PSD2 Changes

Generally, the implementation of the new PSD2 European regulation for electronic payment services effectively reduces the entry barriers for new digital players. It also opens up banks to the potential for competition, enabled by their own APIs. This allows these players to compete with existing services in fields currently offered by the banks. In the case of AISPs, it is possible that third-party applications could displace the role of the apps from incumbent players, which would dilute the bank’s relationship with their users.

As with any fundamental change to markets in the banking area, there is the potential to bring a number of both opportunities and challenges to consider with Open Banking.

Open Banking Opportunities & Challenges to Consider

Source: Juniper Research

Banks and other parties that are looking to become involved in the Open Banking ecosystem must weigh these opportunities and challenges carefully. Open Banking certainly needs a more collaborative approach than traditional banking models, which will require significant effort to make them successful.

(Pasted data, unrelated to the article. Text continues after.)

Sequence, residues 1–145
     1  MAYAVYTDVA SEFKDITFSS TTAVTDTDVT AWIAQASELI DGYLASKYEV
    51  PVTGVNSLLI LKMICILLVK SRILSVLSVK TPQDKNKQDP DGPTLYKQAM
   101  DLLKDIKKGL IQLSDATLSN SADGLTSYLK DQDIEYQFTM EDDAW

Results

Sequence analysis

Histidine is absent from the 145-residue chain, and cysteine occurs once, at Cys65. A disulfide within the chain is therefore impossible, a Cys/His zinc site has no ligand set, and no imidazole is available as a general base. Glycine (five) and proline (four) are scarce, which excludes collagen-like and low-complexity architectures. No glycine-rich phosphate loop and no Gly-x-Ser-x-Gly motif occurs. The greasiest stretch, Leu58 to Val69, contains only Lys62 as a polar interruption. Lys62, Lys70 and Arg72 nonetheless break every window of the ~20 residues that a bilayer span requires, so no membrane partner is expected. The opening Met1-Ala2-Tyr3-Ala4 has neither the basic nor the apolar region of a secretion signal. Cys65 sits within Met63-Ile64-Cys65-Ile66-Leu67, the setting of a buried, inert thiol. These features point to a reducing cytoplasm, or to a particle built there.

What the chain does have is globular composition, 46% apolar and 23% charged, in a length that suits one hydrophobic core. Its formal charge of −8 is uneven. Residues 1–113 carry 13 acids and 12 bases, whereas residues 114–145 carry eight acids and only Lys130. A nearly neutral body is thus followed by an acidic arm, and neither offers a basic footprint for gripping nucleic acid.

The Forecast for Open Banking

The total number of Open Banking users is set to double between 2019 and 2021, reaching 40 million in 2021 from 18 million in 2019. The ongoing Coronavirus pandemic is increasing the need for consumers to have the clarity of combining their accounts and gaining insight on their financial health, and also boosting momentum in the adoption of Open Banking.

This extraordinary growth is being driven by Europe, where the regulator-led approach to Open Banking has created a standardised market, with low barriers to entry. This contrasts with markets like the US, where a lack of central regulatory intervention is limiting growth potential.

 

Open Banking – Delivering Opportunities and Threats

It is worth noting that Open Banking can be both a threat and an opportunity for traditional banks. While Open Banking exposes user information and access to potential competitors, this threat has the potential to affect all players in the market equally. Consequently, established banks must create innovative Open Banking services that will provide benefits for the user, while also attracting customers from less innovative competitors.